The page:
Lack of rainfall this year has led to low relative humidity, sometimes dipping below 45%. While 45 percent is humid by California standards, it is quite dry on a tropical island chain like Hawaii located about 20 degrees north latitude. Over the past few days, a strong high pressure system rotating clockwise north of the archipelago has swirled dry air southward, also causing gusts of wind.

In addition to the obvious bushfire risk issues, the ongoing drought is also having impacts on agriculture and ecosystems. In August, about 8 percent of Maui was listed as experiencing “exceptional” drought, the highest level.

SFGate.com, an online news publisher in San Francisco, reported that lack of rain and past pineapple growing practices in the mountains of western Maui have made it more difficult to retain and conserve water, affecting catchment levels and the breeders.

On Molokai and Maui, wild deer have encroached on farmland and competed with livestock for resources, in part due to drought conditions. Donkeys also roam the populated areas.

“Despite ongoing efforts, the axis deer population has grown to an estimated 60,000 or more, which cannot be sustained by the environment in Maui County,” read a proclamation from Hawaii Governor David Ige (D ) released on November 18. fifth consecutive proclamation related to the deer crisis, with special measures in effect until 17 January.

“This includes fencing axis deer, culling deer to sustainable levels, clearing vegetation along fence lines, and erecting and/or reinforcing fence lines to keep axis deer off roadways, airports, and runways.” , says the document.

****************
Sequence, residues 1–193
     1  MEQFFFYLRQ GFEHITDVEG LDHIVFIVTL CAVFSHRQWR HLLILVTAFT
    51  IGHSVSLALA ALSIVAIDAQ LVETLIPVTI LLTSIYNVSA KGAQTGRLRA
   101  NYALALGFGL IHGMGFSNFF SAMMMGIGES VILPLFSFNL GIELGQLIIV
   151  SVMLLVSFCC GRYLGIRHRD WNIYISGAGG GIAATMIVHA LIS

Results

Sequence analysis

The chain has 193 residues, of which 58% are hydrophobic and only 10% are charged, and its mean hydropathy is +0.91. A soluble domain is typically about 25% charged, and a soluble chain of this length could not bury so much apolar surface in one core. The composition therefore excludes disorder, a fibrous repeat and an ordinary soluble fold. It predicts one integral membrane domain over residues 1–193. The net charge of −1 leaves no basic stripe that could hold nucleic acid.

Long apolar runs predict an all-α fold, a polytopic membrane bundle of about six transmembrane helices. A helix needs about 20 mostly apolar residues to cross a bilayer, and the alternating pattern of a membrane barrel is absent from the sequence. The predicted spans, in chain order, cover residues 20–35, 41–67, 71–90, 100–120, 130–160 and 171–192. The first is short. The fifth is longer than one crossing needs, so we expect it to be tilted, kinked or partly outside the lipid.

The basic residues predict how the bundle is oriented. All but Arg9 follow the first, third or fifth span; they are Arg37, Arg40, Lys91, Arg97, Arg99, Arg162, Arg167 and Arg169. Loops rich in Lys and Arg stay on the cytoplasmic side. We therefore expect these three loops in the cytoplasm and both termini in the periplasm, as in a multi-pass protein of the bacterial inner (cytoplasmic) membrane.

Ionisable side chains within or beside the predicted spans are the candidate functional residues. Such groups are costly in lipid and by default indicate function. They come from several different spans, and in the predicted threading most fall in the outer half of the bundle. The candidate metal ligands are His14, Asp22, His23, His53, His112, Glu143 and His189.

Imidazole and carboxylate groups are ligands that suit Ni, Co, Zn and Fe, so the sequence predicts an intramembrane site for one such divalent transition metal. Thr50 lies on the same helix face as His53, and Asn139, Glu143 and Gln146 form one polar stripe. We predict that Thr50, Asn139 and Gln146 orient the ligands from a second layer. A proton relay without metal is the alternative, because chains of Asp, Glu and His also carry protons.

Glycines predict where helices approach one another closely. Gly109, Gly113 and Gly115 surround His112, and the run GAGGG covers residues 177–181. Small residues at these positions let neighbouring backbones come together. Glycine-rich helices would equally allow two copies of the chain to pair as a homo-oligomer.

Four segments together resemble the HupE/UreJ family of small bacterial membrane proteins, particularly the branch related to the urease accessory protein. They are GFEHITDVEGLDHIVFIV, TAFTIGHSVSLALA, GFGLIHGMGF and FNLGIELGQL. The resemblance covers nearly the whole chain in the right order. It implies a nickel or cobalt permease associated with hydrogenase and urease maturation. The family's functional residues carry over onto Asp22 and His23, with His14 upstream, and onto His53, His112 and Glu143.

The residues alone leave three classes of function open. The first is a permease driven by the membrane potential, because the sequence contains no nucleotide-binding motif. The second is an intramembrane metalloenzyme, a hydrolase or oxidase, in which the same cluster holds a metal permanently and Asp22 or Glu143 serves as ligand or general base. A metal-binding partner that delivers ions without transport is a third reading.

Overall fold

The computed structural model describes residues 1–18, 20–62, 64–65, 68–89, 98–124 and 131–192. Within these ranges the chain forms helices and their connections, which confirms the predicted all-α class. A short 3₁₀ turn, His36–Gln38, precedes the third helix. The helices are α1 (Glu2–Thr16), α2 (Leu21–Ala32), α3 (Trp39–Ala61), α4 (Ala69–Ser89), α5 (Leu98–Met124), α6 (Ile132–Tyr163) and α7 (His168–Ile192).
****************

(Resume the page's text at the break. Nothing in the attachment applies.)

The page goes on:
Winter forecasts from the Climate Prediction Center’s National Weather Service call for a gradual improvement in the state’s drought conditions.

“We’re hoping for some improvements,” Bravender said. “The wild card is where the above-normal rainfall will occur. Especially with La Niña models, there is more uncertainty. If it is a stronger event, then it tends to have more trade winds, which would concentrate more precipitation on the windward parts of the islands. If it’s weaker, we could see the trade winds break down, as is typical during the winter, and get more precipitation on the leeward sides. Right now it’s the leeward sides that really need it.

Hawaii joins much of the Lower 48 which is also currently experiencing a significant drought. The Drought Monitor’s Nov. 15 update showed that 82 percent of the contiguous United States is dealing with abnormally dry or drought conditions, close to the highest percentage on record (85 percent Nov. 1 of this year ).

A July study in the Journal of Climate found that drought conditions in Hawaii, which have prevailed for much of the past decade, are among the most severe on record. However, it has been unable to link the drought to long-term climate change, as computer models evaluating its drivers have been unable to detect a human influence.

“[N]Not every event has an apparent and simple “root cause”: Natural weather mechanisms have proven powerful in producing extreme events and trends over considerable periods,” the National Oceanic and Atmospheric Administration’s climate program office wrote in a news release. .

The US government’s fourth National Climate Assessment, released in 2018, warned that rising temperatures in the future will increase the risk of extreme drought and flooding in Pacific Island communities.

Jason Samenow contributed to this report.